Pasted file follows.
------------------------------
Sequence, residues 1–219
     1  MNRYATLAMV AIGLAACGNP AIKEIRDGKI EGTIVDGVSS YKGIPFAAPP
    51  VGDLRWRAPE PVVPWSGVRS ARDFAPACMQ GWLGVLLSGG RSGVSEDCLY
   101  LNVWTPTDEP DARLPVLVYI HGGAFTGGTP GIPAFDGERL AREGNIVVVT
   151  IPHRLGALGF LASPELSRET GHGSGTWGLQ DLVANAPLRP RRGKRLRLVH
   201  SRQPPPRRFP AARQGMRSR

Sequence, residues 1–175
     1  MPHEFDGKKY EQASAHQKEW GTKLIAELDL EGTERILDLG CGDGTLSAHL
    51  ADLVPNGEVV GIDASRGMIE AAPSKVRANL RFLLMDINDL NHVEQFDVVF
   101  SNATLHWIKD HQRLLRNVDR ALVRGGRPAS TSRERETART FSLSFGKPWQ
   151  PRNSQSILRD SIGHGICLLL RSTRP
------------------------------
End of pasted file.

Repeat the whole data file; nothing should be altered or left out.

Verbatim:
Sequence, residues 1–219
     1  MNRYATLAMV AIGLAACGNP AIKEIRDGKI EGTIVDGVSS YKGIPFAAPP
    51  VGDLRWRAPE PVVPWSGVRS ARDFAPACMQ GWLGVLLSGG RSGVSEDCLY
   101  LNVWTPTDEP DARLPVLVYI HGGAFTGGTP GIPAFDGERL AREGNIVVVT
   151  IPHRLGALGF LASPELSRET GHGSGTWGLQ DLVANAPLRP RRGKRLRLVH
   201  SRQPPPRRFP AARQGMRSR

Sequence, residues 1–175
     1  MPHEFDGKKY EQASAHQKEW GTKLIAELDL EGTERILDLG CGDGTLSAHL
    51  ADLVPNGEVV GIDASRGMIE AAPSKVRANL RFLLMDINDL NHVEQFDVVF
   101  SNATLHWIKD HQRLLRNVDR ALVRGGRPAS TSRERETART FSLSFGKPWQ
   151  PRNSQSILRD SIGHGICLLL RSTRP